International Census Plots: a tool to fill the geographical gaps in bird monitoring in Europe

In order to achieve better data on bird numbers and distribution, we need to develop generic monitoring schemes in parts of Europe where they still do not exist. Setting up and running schemes based on fieldwork by volunteers is a challenge in many parts of the continent and that’s why EBCC started the International Census Plots scheme. By taking part in the scheme, countries can provide their monitoring data to the European dataset and develop comprehensive national schemes in the future. However, this can only happen by providing further support to national coordinators of the scheme.

We need to fill in the gaps in coverage of Europe by bird monitoring

There is no doubt that standardised large-scale monitoring of bird abundances together with distribution atlases provide valuable information for research and conservation. Outputs of the Pan-European Common Bird Monitoring Scheme (PECBMS) have been widely used in international and national policies, and, furthermore, the data collected via PECBMS helped to answer various scientific questions. The first European Breeding Bird Atlas (EBBA1) was used in 3,150 scientific publications  and we expect that EBBA2 will also be widely used for science and policy.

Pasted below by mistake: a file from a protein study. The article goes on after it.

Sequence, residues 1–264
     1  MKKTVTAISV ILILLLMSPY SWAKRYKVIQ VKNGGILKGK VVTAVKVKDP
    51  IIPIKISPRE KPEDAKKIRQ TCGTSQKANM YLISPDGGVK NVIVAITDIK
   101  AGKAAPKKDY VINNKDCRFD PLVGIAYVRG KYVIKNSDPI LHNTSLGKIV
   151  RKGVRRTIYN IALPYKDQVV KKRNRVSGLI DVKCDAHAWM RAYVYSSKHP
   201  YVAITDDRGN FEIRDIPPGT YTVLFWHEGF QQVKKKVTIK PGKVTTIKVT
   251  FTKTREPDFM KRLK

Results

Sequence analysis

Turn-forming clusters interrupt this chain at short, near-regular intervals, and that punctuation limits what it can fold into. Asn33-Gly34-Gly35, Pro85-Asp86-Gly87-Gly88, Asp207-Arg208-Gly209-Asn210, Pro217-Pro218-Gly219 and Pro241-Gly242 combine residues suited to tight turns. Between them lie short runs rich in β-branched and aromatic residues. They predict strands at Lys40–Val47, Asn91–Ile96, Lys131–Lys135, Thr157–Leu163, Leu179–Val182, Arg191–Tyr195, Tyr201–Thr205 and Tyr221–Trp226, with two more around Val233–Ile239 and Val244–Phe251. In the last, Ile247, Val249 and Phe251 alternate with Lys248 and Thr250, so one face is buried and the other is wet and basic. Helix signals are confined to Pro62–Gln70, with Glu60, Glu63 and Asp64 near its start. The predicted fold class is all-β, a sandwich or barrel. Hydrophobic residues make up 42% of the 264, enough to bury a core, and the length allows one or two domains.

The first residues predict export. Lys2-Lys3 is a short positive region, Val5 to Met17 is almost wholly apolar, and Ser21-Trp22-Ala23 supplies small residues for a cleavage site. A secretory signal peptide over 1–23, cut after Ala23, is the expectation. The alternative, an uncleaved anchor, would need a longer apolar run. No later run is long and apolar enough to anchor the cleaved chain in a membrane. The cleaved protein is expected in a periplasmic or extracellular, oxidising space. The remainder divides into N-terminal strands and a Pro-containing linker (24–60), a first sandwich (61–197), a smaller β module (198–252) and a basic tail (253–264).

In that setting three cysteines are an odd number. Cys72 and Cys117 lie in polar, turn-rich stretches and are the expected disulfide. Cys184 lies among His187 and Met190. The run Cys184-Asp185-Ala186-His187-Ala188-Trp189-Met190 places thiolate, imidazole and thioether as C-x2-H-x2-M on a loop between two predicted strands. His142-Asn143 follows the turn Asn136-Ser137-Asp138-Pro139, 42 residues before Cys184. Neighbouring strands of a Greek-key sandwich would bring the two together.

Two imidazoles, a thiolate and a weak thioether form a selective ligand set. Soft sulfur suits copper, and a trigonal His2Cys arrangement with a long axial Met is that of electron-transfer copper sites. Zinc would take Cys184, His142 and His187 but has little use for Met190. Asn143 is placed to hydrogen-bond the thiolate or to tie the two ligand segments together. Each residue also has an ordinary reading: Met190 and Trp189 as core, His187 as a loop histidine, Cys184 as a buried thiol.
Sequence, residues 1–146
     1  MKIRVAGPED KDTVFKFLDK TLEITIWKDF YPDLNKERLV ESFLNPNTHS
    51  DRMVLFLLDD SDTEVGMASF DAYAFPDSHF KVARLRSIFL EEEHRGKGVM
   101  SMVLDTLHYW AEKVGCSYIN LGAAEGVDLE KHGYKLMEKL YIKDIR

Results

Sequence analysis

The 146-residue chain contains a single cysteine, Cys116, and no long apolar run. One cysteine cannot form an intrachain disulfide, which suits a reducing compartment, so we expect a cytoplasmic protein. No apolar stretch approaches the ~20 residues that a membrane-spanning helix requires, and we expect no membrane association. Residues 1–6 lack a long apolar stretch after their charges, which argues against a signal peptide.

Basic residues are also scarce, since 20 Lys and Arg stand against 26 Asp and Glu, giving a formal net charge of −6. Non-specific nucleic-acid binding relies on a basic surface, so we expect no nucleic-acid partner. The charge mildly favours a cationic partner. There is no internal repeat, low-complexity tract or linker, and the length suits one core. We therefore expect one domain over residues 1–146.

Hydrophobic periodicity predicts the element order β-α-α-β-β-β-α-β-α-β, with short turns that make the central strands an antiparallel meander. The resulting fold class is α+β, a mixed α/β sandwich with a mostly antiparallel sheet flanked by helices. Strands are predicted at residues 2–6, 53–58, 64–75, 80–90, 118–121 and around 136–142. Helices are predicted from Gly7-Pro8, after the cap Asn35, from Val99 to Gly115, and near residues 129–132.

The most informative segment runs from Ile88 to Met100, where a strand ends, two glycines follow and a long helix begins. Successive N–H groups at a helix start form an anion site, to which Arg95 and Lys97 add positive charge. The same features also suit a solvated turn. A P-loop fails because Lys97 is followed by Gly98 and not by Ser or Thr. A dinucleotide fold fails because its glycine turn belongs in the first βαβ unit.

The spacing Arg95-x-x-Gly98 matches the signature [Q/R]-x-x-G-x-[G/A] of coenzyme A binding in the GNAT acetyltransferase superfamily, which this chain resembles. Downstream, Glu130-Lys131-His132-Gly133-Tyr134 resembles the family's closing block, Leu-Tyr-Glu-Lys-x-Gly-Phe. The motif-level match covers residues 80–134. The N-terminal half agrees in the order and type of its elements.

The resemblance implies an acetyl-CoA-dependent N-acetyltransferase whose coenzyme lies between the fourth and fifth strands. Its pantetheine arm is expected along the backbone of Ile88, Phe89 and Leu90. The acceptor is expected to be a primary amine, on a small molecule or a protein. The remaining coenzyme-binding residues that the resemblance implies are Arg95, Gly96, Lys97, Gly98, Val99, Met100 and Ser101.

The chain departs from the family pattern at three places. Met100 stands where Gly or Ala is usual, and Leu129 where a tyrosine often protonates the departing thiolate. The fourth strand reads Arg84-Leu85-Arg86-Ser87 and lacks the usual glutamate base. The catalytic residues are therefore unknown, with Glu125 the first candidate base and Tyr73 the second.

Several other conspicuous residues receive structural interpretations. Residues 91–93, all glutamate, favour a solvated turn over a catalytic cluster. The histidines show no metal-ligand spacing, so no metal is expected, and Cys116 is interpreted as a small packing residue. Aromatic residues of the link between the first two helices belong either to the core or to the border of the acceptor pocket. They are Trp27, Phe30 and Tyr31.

However, there are gaps in our picture of European population trends: large areas, mostly in eastern and southeastern part of the continent have not yet developed monitoring schemes which would cover the whole territory of individual countries.

Countries contributing to European trends and indices produced by PECBMS (2021) 

There are multiple reasons for the gaps. Often, there are only a few field ornithologists and volunteer birdwatchers in these areas.